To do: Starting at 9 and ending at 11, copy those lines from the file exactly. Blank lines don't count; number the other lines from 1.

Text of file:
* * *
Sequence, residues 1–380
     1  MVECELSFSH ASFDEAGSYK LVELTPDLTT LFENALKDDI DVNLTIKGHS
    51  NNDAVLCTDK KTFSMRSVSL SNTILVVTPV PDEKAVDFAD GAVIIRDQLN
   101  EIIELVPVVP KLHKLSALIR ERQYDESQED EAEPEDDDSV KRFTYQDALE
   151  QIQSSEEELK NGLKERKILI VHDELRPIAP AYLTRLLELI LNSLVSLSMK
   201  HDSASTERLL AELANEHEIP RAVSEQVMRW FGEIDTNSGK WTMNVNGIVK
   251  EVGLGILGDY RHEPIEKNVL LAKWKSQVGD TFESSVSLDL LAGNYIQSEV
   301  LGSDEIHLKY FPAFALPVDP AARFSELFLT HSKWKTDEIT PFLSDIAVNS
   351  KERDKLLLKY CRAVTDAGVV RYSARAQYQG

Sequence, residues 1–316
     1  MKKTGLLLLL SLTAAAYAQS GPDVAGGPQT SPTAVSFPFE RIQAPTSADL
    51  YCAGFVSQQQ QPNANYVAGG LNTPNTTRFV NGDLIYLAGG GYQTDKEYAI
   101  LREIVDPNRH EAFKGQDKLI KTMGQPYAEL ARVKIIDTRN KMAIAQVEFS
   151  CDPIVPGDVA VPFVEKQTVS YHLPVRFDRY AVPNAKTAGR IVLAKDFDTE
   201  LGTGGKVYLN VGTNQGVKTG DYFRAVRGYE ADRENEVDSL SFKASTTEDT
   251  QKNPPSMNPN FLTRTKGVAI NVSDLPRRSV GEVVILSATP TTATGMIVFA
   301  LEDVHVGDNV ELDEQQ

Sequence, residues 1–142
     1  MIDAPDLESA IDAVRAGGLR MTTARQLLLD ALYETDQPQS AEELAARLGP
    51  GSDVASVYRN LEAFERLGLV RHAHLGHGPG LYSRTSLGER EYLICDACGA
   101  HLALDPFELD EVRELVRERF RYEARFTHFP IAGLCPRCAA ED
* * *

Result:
   351  KERDKLLLKY CRAVTDAGVV RYSARAQYQG

Sequence, residues 1–316
     1  MKKTGLLLLL SLTAAAYAQS GPDVAGGPQT SPTAVSFPFE RIQAPTSADL